By providing a clear structure through strict sets of rules and beliefs and a worldview that encompasses life on earth and in the afterlife, ISIS presents individuals with the promise of an eternal group membership, which can prove particularly attractive for people prone to existential anxiety. Moreover, scholars point out that several factors feed into (Abrahamic) fundamentalist ideology, including dualism (absolute evaluations of good versus evil), authority (of a sacred book or leader), selectivity(choosing certain beliefs or practices over others), and millennialism (confidence in eschatology as God’s will). Of all factors, however, one facet is thought to be vital:“reactivity,”F which takes the form of a hostility toward secular modernity that is directed not only toward people outside of the fundamentalists’ religious in-group but also toward members of their own religious group who are not viewed as “true believers.”
In this light, ISIS’s development of a pure and absolutist ideology can be seen as part of a strategy to feed its members’ fundamentalism by emphasizing their exclusivity while projecting a universalist vision. For example, the widespread use of suicide bombers by Salafi-jihadist groups such as ISIS constitutes a recent modus operandi in Islam rather than a return to the roots. Few Muslim communities appear to be currently entangled in a war of subjectivities that stems from a series of ruptures that started with the Enlightenment and that takes the form of an Islamic-Islamic civil war over the Muslim identity itself. Meanwhile, many Arabs are also involved in an interpretative dispute about their being-in-the-world in which both the Arab world and the world at large are questioned and contested. According to an Arab philosopher, Fathi al Makdisi, the current rise of Salafi-jihadism and terrorism represented by ISIS is the result of not only creeping sectarianism or a crisis of the modern state, but also a growing nihilism that signals the collapse of progressive values and tolerance in its conception of humanity.
Nevertheless, far from being sui generis, genealogically and ideologically ISIS belongs to the Salafi-jihadist family, although it marks another stage in the evolution or, rather, mutation of the ideological gene pool. Over the past half century, the Salafi-jihadist movement has developed a repertoire of ideas, a frame of reference, theorists, thousands of followers, and “martyrs” who provide inspiration for new volunteers and who ensure the durability of the brand. ISIS has been able to draw from this repertoire, re-articulating old concepts and presenting them as new or revolutionary. Its rhetoric makes use of religious ideology to articulate identity politics. Indeed, religion has for some time been the glue that maintains the coherence, if not the unity, of various factions and divisions, and the rationale for vicious and flamboyant violence. Salafi-jihadists from various orientations, including ISIS, always cite verses from Qur’anic scripture to portray their offensive jihad as blessed.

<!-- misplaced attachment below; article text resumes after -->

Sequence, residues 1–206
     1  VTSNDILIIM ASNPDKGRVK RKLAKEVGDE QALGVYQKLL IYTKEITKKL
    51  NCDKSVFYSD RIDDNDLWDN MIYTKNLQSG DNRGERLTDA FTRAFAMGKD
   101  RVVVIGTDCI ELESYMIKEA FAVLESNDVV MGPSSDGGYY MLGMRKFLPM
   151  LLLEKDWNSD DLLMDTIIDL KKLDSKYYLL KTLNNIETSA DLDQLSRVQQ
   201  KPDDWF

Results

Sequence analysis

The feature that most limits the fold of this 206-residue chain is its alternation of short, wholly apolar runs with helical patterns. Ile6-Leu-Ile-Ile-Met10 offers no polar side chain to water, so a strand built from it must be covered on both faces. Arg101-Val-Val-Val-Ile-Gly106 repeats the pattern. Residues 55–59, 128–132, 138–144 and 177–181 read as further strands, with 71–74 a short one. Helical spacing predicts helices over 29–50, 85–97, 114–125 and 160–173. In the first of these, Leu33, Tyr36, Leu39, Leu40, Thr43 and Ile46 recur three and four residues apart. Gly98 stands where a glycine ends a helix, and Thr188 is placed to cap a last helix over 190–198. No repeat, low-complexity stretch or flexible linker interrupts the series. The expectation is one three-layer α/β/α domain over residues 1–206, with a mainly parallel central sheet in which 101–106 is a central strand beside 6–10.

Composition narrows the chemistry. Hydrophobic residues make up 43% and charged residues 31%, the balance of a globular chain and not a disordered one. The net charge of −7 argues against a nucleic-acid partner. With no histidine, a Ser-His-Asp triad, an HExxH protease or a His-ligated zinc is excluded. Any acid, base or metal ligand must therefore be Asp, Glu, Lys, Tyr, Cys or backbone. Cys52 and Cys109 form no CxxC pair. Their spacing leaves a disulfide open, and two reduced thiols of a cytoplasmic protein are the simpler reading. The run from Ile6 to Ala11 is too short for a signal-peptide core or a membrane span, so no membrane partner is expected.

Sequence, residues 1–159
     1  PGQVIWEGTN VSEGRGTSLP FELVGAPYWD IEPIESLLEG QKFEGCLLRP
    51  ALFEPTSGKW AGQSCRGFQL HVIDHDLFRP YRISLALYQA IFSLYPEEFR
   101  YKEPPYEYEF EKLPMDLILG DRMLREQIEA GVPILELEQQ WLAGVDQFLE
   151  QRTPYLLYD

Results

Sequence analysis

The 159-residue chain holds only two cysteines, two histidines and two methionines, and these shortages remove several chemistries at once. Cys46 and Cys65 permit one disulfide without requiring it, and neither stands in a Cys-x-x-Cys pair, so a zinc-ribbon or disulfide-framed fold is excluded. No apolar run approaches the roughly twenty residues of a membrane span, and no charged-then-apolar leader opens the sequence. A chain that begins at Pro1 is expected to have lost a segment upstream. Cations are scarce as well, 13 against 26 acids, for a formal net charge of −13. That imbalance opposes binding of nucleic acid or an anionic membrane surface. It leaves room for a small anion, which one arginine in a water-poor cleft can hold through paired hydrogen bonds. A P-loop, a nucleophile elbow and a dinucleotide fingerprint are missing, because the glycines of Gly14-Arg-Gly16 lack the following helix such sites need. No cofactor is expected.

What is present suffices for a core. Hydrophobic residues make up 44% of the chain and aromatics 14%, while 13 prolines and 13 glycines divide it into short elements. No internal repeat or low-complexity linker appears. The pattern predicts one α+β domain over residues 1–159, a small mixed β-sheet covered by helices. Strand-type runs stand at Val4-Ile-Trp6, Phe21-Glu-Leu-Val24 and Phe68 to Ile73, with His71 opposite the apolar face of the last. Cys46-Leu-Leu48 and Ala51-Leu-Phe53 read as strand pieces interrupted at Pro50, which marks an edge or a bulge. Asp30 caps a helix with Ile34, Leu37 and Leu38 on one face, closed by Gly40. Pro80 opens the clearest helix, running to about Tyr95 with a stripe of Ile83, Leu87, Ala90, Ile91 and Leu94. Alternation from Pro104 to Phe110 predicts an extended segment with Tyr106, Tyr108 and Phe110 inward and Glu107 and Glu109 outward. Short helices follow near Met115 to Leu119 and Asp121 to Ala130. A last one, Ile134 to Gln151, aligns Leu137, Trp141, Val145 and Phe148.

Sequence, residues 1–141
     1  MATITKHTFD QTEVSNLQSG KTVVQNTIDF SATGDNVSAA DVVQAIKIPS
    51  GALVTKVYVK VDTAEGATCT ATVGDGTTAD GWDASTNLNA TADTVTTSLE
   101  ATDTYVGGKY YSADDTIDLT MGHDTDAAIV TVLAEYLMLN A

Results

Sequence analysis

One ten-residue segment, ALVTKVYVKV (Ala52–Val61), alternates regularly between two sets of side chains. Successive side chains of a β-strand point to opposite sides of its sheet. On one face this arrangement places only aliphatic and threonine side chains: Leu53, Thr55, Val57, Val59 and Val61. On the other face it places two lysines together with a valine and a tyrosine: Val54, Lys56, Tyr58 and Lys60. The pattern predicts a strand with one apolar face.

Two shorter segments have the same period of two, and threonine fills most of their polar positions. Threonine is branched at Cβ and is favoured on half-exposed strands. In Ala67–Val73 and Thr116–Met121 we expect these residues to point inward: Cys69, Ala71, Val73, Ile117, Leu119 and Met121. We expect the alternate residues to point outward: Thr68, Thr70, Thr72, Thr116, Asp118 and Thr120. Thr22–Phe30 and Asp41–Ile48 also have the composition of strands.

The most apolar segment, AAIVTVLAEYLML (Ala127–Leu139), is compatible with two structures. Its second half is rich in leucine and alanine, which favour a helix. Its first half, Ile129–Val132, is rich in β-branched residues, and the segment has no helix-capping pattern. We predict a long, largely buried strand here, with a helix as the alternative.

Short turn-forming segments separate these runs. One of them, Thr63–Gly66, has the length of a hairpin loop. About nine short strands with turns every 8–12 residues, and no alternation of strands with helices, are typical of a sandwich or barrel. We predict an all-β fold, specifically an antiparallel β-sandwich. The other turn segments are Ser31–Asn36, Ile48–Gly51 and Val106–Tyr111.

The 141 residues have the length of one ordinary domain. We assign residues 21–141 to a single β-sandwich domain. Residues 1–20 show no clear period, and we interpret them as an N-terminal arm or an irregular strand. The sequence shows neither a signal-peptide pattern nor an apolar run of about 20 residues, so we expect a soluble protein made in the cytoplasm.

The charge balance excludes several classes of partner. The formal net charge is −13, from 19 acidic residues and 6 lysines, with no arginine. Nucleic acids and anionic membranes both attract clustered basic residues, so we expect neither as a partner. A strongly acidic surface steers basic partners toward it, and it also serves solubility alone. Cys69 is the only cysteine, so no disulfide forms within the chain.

The world according to ISIS is frozen in time and space, incorporating the rules and laws of seventh-century Arabia into the twenty-first century. Its leader, Abu Bakr al Baghdadi and his associates depict themselves as battling the “antichrist” and paving the way for the ultimate triumph of the “Mahdi” and Islam (in Arabic, the Mahdi means “the Guided One,” the central crowning element of all Islamic end-time narratives, or an expected spiritual and temporal ruler destined to establish a reign of righteousness throughout the world). This millenarian thinking is at the heart of ISIS’s caliphate ideology and the global jihadist movement in general. The problem is not to know whether ISIS is Islamic—of course it is, though Muslims worldwide disavow it and distance themselves from its actions—but rather to understand how this organization borrows heavily but selectively from the Islamic canon and imposes the past on the present wholesale. Baghdadi and his propagandists overlook centuries of Islamic interpretations and counterinterpretations and rely on a narrow, strict, and obsolete textualist reading of the Islamic doctrine, a move that is very controversial and deeply contested by the religious community and al-Islam al-Sha’bi (lived Islam). There is no swell of public support for ISIS in Muslim societies, including the areas in Syria and Iraq under its control and hardly any important preacher or a cleric has lent his voice to Baghdadi’s Caliphate. Despite its sound and fury, ISIS remains a fringe phenomenon that is too extreme for mainstream Muslim opinion but sounds like a sweet melody to the ears of its social base. This base continues to replenish the ranks of ISIS and similar organizations with willing combatants and suicide bombers. Time and again politicians and observers have penned the obituary of the global jihadist movement only to be shocked by its resilience and capacity for self-renewal. Ideology is a significant factor in this process of regeneration, and it confers legitimacy on ISIS’s actions.